Mastering Roof Inspections: Hail Damage, Part 12

by Kenton Shepard and Nick Gromicko, CMI®



The purpose of the series “Mastering Roof Inspections” is to teach home inspectors, as well as insurance and roofing professionals, how to recognize proper and improper conditions while inspecting steep-slope, residential roofs. This series covers roof framing, roofing materials, the attic, and the conditions that affect the roofing materials and components, including wind and hail. 



Identifying Elevation Damage


When inspecting for hail damage, it’s important to understand the methods used by insurance claims adjusters because if damage for which an insurance company will pay exists, it should be identified and documented using insurance company criteria.

Test Squares

Claims adjusters mark off test squares on a roof to document the extent of damage. The size and locations of test squares are the same no matter what roof-covering material is installed. Here are some test square details:

  • Test squares are 10 feet by 10 feet. A square shape is used whenever possible, but if it’s not possible to use a square because of the roof shape, other shapes can be used. The test area size should always be 100 square feet, no matter what the shape.
  • Test squares should be placed on each roof slope.
  • They should be located in areas with the most damage. They should not be located in areas of a roof which are protected by things such as overhanging tree branches.

Number of Hits

Once the test square has been created, the adjuster counts the number of hailstrikes within the square. These hailstrikes have to meet the definition of functional damage. The number of hits required to replace that slope of roof will vary. Different insurance companies have different policies. Eight hits is a common number.

Slope/Roof Replacement

The decision of whether to replace individual slopes or to replace the entire roof requires weighing a number of factors. The age of the roof will be one factor. Older roofs are more likely to be replaced. Some insurance companies use a formula in making the decision.


Occasionally, a disagreement will arise among insurance companies, roofers, home inspectors and policy holders about whether damage meets the criteria for roof replacement.

One area with a lot of potential for disagreement is whether the damage meets the description of “functional damage.”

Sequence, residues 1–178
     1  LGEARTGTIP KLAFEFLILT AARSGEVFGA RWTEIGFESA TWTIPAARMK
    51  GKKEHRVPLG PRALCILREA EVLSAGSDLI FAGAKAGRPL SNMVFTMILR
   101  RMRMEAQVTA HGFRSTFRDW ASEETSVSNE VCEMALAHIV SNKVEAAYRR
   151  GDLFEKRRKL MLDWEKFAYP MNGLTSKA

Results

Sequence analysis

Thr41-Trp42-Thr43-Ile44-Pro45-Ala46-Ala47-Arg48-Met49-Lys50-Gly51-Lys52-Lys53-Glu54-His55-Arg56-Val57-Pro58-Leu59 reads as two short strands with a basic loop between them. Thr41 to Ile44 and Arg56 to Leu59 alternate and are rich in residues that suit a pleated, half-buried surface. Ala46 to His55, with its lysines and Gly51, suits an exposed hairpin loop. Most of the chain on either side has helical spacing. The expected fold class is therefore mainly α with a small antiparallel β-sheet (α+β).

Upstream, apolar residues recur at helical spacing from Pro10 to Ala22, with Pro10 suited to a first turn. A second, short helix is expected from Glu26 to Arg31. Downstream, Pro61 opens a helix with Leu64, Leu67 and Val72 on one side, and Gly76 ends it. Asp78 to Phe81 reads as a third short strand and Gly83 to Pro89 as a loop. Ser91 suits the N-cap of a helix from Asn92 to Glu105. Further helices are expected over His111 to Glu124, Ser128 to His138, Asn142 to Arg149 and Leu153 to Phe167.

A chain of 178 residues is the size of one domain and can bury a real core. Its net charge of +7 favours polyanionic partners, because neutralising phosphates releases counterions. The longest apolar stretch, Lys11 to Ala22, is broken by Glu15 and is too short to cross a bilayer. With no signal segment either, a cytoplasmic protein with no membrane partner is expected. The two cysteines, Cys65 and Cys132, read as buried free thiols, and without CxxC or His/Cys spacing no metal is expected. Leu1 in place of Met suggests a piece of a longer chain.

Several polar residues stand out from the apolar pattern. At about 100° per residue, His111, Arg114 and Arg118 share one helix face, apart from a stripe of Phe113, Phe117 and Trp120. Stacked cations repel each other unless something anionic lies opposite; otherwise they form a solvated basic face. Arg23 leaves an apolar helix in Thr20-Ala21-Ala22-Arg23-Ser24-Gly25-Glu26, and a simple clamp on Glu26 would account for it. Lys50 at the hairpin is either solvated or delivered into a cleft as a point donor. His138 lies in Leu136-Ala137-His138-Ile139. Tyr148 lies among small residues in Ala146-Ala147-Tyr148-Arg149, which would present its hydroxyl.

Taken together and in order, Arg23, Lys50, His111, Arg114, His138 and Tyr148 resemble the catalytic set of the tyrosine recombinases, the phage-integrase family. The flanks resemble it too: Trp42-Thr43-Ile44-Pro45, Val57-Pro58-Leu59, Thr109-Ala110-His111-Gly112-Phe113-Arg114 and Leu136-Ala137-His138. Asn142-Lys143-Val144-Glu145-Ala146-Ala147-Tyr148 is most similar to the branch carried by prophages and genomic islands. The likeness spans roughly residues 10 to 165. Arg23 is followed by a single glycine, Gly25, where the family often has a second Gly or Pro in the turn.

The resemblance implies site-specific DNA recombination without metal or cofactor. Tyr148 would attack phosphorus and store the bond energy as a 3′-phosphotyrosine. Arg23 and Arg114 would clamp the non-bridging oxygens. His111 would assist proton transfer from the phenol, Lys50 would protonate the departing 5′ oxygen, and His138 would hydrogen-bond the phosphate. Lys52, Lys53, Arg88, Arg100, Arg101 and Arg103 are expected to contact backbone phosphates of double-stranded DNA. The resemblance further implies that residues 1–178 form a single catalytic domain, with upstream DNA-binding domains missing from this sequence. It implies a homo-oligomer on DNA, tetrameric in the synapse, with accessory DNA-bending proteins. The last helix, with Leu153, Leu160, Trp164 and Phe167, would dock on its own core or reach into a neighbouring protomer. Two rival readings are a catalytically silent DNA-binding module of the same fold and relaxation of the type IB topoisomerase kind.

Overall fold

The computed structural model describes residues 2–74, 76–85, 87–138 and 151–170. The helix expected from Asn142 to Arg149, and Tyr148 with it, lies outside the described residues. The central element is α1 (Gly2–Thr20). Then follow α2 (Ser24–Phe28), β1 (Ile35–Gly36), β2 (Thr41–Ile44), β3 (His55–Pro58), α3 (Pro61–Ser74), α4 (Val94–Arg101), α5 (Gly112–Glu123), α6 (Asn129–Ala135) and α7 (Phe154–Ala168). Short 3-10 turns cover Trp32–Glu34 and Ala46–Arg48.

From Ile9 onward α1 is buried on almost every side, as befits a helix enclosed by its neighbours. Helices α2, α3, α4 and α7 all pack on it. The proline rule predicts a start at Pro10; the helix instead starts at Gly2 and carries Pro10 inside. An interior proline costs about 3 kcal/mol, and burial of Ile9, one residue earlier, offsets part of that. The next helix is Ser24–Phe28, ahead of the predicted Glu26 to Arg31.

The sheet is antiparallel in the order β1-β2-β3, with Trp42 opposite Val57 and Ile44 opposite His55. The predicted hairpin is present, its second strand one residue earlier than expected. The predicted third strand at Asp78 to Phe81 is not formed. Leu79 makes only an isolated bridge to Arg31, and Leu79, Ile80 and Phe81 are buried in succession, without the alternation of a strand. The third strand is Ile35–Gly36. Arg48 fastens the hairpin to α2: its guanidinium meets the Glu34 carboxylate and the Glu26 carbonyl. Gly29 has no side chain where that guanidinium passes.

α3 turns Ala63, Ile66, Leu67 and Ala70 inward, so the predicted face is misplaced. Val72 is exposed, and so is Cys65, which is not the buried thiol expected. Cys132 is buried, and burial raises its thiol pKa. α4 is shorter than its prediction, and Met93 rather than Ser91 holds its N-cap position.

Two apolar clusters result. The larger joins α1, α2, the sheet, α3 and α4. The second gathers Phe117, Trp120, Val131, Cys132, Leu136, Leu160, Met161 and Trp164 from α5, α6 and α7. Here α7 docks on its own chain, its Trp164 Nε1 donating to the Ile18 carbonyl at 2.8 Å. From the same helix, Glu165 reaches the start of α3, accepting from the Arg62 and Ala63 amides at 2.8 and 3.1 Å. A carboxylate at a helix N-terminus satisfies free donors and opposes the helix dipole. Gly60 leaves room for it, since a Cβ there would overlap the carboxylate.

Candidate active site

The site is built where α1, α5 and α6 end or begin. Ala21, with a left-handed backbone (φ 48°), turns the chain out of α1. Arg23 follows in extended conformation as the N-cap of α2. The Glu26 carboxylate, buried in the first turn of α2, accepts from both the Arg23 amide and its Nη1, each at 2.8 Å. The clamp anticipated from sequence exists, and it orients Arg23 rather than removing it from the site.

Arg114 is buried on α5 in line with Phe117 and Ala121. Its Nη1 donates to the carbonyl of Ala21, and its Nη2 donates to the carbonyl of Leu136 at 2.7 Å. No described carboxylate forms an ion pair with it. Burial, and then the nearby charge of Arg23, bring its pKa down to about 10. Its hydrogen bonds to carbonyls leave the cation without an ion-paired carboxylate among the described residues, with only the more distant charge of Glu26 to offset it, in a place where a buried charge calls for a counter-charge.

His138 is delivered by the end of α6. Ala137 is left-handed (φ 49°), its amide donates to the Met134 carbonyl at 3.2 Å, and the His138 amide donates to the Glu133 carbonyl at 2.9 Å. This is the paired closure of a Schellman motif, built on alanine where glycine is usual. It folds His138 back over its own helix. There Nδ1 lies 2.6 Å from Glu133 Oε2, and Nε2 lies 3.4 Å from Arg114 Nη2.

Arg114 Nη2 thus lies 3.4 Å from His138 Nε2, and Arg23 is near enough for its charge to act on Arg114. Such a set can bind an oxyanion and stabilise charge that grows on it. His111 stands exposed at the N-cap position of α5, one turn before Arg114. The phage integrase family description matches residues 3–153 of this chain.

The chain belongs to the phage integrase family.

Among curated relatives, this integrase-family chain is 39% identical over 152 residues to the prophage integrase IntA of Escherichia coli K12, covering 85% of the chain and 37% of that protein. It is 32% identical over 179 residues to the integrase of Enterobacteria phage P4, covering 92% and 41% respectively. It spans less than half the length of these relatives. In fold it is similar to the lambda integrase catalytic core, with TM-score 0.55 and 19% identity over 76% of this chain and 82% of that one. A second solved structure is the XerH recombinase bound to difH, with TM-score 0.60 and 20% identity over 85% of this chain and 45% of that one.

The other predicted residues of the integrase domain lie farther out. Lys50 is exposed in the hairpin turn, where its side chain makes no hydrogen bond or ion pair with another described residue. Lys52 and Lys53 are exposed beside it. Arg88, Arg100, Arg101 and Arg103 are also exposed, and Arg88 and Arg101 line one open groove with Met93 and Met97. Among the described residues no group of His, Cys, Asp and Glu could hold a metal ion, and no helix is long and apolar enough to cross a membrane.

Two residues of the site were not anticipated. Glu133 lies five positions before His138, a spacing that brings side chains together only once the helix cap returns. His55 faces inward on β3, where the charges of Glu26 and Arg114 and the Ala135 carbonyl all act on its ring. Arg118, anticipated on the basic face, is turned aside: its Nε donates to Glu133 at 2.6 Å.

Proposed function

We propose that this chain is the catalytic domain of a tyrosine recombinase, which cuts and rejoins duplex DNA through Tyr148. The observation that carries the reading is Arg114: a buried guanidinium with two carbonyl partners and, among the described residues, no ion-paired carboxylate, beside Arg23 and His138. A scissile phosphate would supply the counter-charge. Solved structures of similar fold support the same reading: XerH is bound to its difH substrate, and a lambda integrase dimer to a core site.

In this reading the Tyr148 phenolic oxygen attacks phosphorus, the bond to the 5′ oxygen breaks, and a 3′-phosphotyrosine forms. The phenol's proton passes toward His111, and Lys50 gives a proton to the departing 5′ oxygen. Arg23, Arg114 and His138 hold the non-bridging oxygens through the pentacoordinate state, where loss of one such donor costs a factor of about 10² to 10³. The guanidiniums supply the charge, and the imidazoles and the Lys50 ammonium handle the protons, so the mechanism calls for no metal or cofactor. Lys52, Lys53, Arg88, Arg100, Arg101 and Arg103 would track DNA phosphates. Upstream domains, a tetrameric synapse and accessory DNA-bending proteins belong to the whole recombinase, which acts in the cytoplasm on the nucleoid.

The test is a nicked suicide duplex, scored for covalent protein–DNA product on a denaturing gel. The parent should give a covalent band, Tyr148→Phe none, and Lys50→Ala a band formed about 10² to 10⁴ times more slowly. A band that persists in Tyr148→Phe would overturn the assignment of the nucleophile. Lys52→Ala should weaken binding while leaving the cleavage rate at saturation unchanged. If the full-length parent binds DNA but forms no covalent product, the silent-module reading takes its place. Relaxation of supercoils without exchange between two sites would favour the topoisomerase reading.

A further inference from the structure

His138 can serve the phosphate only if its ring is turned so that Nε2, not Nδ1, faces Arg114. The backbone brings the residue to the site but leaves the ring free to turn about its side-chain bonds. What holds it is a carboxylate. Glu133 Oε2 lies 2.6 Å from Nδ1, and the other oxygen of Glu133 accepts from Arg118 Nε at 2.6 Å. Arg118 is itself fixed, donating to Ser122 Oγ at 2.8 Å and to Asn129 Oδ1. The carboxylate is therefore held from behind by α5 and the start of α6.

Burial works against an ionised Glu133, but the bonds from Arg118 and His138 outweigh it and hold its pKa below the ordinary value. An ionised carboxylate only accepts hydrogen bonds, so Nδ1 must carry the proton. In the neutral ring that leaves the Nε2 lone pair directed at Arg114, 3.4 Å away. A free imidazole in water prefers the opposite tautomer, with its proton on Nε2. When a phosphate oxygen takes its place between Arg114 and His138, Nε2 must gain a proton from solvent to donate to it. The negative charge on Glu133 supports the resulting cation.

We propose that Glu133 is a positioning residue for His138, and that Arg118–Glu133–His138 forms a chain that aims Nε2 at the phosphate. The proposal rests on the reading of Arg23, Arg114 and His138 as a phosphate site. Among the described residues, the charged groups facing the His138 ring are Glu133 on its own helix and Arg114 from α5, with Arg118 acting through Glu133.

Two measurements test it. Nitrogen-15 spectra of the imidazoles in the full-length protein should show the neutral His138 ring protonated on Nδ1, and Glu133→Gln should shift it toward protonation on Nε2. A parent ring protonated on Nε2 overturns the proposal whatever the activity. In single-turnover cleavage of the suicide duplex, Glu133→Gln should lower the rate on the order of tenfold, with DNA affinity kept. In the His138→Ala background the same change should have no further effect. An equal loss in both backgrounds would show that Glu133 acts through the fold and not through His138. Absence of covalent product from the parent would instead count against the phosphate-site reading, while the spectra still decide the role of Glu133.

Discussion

The characteristics of hail-caused functional damage vary with the different types of roof-covering materials. It is easier to identify functional damage on some materials than on others.

There’s more potential for disagreement with a material such as asphalt composition shingles, which may be damaged to some degree. It may be light damage, which does not meet the criteria for functional damage, or it may be serious damage, which does.

These issues are discussed in detail in InterNACHI's courses on the individual roof-covering materials.

Resolving Disagreements

The mechanisms for resolving disagreements can vary. The insurance policy is a contract, and in it are certain provisions for settling disputes.  One involves an arbitration process where the policy holder and insurance company each appoint a representative, and those two agree on a third person.  These three act as referees in the process.  Reports from roofers and home inspectors are considered in reaching a determination.  This process doesn’t get used very much.  
Instead, policy holders usually complain to the state's department of insurance, whose job is to make sure that the insurance company complies with the contract terms.  They usually can’t force a company to pay for a roof if there is a lack of sufficient evidence showing roof damage, but they can encourage the company to pay if the damage criteria are met.  They can sanction an insurance company if the company fails to follow the contract.
Another option available to the policy holder who thinks that their insurance company has not acted according to their contract is to hire an attorney and file a lawsuit. 


Learn how to master a roof inspection from beginning to end by reading the entire InterNACHI series: Mastering Roof Inspections.

 Take InterNACHI’s free, online 
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